Here a rule will look for correlations of high overhead and late projects and see if there is a direct correlation with scope changes.

Data which is harder to mine is unstructured data. An example might be a Charter document or a Business Review narrative done in a word processor. Yet that data too can be organized in such a way that it can be useful for data mining.

All we need is a nugget!

In mining it is common to have to sift through a lot of raw material in order to extract the tiniest grain of gold. On a profitable mine, you might dig up 2,000 lbs (950kg) of raw “paydirt” and, once you had finished processing it you’d have between 1/16 – 1/8 of an ounce (1 to 2 grams) of gold. For a small gold mine, this could be a workable, profitable mine.

Similarly with Data mining, we expect to go through a lot of data to find that tiny nugget of value. Fortunately, the modern world has a fetish for storing data. And it adds up in a hurry. A 400 page novel is about 1,400,000 characters or “bytes”. One estimate of the total volume of data stored on the Internet is approximately 1 Zetabyte. What’s a Zetabyte you ask? It’s 1 “sextillion” or 1,000 extabytes or 1 billion terrabytes. As a number, that’s 1,000,000,000,000,000,000,000. It’s a lot. No one does searches through the entire Internet of course, and we’re looking for data within a very narrow context.

When we think of data that may be of interest to us in Data Mining project management data, it’s worthwhile however to extend our perspective from just our scheduling system to any data source that may be relevant to project management. Having access to the project management tool database is rather obvious but what about timesheet information, what about financial information, what about client satisfaction surveys, what about quality databases?

It’s a common concept in data mining that the data wasn’t originally designed to spit out the analysis we’re now asking of it. By doing searches across the data of multiple systems, we have to approach our analysis with this understanding that the data wasn’t created to be looked at together.

What are we mining for?

The output of the data mining process is in great part guided by the goals or targets you are measuring for. A prospector does not go to diamond country and hunt for gold. To coin a popular phrase, we are looking for “a sip from the fire hose”. The outcome of our mining doesn’t need to be more than a single metric to be valuable.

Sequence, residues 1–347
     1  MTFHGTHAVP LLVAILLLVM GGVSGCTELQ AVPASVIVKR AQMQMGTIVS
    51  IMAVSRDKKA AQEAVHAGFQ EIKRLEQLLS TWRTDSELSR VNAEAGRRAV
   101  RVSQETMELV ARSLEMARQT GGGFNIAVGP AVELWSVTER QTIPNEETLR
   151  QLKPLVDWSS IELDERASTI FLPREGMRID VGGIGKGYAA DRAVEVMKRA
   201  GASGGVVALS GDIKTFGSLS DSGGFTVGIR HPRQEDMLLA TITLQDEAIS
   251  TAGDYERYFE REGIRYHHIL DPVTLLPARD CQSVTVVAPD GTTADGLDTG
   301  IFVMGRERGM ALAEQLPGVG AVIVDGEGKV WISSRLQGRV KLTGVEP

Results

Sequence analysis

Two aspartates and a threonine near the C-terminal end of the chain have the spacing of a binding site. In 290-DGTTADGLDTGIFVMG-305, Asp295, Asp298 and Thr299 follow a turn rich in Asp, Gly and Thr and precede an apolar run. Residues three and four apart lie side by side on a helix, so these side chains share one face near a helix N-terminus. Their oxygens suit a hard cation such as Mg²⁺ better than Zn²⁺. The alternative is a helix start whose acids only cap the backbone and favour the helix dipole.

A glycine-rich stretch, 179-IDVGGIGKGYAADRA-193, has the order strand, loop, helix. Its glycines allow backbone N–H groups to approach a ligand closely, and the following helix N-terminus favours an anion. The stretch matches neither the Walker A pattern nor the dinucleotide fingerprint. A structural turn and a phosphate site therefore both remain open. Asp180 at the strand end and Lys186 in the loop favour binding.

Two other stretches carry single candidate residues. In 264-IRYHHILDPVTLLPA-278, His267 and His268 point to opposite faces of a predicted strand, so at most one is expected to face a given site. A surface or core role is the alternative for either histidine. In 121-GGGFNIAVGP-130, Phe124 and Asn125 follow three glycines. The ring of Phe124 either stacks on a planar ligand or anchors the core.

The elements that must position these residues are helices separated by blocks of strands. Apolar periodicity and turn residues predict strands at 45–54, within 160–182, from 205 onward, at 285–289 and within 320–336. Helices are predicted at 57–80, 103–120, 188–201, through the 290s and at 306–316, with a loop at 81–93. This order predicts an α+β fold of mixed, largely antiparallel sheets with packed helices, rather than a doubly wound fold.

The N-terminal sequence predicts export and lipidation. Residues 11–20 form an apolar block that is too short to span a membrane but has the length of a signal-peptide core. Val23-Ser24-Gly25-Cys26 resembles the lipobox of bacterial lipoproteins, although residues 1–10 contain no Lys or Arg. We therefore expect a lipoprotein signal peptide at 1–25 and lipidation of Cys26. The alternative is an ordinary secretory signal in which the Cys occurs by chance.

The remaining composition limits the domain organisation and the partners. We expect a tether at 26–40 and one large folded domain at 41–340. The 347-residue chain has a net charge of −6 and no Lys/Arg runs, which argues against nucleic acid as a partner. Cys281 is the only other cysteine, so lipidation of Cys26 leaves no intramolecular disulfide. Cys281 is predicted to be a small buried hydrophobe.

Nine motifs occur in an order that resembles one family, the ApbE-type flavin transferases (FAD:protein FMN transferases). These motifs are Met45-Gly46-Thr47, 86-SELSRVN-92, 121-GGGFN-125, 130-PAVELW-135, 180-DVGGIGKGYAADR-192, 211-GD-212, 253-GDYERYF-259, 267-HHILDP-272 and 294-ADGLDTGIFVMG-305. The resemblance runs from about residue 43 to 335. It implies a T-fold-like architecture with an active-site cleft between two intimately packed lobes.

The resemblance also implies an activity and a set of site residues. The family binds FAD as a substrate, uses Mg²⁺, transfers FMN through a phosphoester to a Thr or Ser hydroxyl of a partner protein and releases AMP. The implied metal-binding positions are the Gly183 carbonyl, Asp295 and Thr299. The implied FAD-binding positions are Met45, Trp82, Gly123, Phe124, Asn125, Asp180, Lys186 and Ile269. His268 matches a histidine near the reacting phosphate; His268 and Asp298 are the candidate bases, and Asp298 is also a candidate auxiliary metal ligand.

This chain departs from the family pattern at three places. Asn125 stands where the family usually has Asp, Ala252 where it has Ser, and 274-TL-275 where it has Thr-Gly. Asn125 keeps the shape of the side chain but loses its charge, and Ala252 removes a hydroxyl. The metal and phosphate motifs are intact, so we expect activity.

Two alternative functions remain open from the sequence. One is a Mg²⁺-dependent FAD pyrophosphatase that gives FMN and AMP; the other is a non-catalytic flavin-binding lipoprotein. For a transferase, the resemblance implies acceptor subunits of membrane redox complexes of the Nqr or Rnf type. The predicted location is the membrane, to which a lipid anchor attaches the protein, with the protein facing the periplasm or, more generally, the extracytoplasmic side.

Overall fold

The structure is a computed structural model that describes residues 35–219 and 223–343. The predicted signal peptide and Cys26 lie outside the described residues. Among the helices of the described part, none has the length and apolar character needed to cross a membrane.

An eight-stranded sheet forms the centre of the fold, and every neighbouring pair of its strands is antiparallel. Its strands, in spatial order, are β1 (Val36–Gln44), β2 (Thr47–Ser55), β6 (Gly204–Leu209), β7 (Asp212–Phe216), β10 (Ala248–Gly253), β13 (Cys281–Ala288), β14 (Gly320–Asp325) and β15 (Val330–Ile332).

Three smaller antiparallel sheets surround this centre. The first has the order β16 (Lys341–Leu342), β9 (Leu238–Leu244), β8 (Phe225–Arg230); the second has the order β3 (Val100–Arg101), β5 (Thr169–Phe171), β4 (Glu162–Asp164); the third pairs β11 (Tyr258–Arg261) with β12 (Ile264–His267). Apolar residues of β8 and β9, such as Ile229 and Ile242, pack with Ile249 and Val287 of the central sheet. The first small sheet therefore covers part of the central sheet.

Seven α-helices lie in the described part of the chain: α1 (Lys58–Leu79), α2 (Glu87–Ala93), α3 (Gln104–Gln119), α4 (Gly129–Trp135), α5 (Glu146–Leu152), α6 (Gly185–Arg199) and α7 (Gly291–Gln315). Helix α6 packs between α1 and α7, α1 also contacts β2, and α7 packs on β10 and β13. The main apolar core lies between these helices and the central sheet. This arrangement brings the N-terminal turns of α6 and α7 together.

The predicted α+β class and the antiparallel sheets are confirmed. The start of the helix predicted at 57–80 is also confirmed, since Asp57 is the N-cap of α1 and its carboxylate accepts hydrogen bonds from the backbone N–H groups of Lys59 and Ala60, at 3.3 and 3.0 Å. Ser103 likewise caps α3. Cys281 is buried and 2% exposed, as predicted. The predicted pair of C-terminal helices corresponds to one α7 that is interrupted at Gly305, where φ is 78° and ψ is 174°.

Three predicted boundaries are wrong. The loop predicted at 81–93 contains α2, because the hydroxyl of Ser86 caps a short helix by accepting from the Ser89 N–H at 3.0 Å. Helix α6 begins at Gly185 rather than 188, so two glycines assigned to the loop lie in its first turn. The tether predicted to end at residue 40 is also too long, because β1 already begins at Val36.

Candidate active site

To make a goal most effective, think of articulating it in business terms. “How can we reduce needless overhead?” is better than “What is the variance between overhead hours and productive project hours?” This is because the end result should be something that has value to the organization. Many inexperienced data miners will get caught up in the process of mining. “If we can find it, it must have value,” they say. The result is a lot of data, but little valuable information. In such an environment, it’s not surprising to have dozens or hundreds of metrics and the goal of the data mining team quickly becomes trying to find value in the correlations they’ve discovered rather than highlighting metrics that are relevant to the business issues that are of concern to us.

When we articulate our goals in business terms, the data miner is left to their own devices on how to find analysis that is relevant to that goal. The result is often that the data miner can bring in correlations from related data or data that can be made to relate. As we’ll see in some of the real-world examples later in this article, hypotheses are not always proven or disproven in the first pass through the data.

When we articulate our goal in business terms, there are several criteria that we can consider to see if the goal is worthy:

Is it actionable?

Finding information on something that you can take no action on has no value. Ask yourself this: “If the hypothesis turns out to be true, what action might we take? If there is no answer to that question, think of putting this goal aside.

Is it relevant?

A goal that might be actionable but that doesn’t move the organization forward is of little value. “What will change if we take actions on this element and how will that affect our organization?” is a great question to ask.

Is it significant?